Route 66, 2006

A degraded and muffled Fourth of July. The prospect of celebrating America these days feels like a dark joke. Last year the president threw himself a parade with tanks in the street. Yesterday he stood before Mount Rushmore and stoked white resentment while he raged against boogeymen and science. Hopefully these are the last gasps of something dying. Meanwhile, local officials are pleading with Americans to stay inside this holiday weekend. Another fifty-thousand cases of coronavirus yesterday.

This morning I tried to gather my thoughts about being an American in 2020. I stopped mid-sentence after realizing I’d written the same words fifteen years ago, back when I thought the Bush years marked some kind of nadir: I am an American. I say this to myself and marvel at the flush of embarrassment, the red tingle of some forgotten humiliation or slight. I feel as though I owe someone an apology.

Sometimes I hum a nonsense melody I heard years ago from a man on the corner: I don’t care if it gets warm or if it freezes, just so long as I have my plastic Jesus. At dusk I went for an ugly run through the park and found relief in the clumps of people with their blankets and little grilles, laughing in the night and not reading the news.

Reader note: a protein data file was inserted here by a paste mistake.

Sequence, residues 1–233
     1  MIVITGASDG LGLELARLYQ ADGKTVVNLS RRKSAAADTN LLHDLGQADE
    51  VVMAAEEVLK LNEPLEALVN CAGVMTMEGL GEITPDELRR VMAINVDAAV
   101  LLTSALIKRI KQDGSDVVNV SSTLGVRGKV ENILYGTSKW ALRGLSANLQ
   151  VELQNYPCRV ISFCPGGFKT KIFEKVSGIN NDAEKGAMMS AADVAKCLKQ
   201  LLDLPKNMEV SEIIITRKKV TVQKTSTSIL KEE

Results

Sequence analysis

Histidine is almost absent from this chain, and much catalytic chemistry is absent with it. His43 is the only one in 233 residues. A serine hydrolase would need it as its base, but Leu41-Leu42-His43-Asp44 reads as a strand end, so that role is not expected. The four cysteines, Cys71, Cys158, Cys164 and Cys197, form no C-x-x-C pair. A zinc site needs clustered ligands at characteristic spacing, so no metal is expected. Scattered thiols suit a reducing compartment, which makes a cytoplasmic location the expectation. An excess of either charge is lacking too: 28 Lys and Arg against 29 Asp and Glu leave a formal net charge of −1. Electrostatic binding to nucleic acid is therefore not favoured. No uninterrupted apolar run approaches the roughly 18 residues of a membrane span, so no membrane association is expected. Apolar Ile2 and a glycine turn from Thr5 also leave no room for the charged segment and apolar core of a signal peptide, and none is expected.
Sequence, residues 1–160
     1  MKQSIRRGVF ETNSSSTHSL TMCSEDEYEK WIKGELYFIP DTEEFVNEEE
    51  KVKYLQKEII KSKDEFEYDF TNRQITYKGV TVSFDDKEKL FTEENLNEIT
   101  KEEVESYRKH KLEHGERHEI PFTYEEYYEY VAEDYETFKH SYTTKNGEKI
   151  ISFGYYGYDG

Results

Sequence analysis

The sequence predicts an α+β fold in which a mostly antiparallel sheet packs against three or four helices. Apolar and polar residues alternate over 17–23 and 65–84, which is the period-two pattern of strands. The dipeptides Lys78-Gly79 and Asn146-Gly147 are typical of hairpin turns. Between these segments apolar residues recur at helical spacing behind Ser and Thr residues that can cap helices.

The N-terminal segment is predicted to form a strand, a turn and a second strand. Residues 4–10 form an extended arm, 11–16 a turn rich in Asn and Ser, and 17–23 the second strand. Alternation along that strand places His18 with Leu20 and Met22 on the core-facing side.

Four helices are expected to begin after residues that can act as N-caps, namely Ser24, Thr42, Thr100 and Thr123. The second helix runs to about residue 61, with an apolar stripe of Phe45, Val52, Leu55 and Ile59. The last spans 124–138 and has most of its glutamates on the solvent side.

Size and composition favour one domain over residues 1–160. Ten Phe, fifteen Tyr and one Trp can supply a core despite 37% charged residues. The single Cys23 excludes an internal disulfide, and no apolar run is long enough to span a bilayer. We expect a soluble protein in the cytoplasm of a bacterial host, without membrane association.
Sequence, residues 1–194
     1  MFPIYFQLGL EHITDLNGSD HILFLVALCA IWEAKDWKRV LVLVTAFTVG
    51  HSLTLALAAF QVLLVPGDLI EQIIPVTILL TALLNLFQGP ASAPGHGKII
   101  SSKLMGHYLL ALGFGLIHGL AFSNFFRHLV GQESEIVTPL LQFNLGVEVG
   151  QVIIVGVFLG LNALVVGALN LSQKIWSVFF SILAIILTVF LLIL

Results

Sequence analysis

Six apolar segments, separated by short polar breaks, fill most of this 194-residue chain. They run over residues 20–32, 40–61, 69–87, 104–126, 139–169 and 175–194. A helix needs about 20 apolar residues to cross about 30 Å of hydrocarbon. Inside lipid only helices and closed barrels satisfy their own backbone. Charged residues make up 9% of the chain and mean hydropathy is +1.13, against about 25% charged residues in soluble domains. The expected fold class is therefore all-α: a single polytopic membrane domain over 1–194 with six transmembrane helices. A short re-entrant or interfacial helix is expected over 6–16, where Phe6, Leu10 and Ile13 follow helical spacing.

Tonight I’m hanging onto this quote from David Lynch: “I think it’s money in the bank to get a good feeling going in the world.” Or as George Clinton laid it down forty-five years ago: “Good thoughts bring forth good fruit, bullshit thoughts rot your meat.”


Funkadelic – Good Thoughts, Bad Thoughts

Standing on the Verge of Getting It On | Westbound, 1974 | More

Today’s the perfect day to revisit the greatest American band. Eddie Hazel’s guitar was made for times like this, and George Clinton arrives at the seven-minute mark, sounding like a god: “You gravitate to that which you secretly love most. You meet in life the exact reproduction of your own thoughts. There is no chance, coincidence, or accident. Free your mind and your ass will follow. Be careful of the thought-seeds you plant in the garden of your mind, for seeds grow after their kind. Play on, children.”

Each night in 2020, I wrote a short post for a series called Notes From the End of a World because I wanted to etch these days into my memory. Before the world changed completely.
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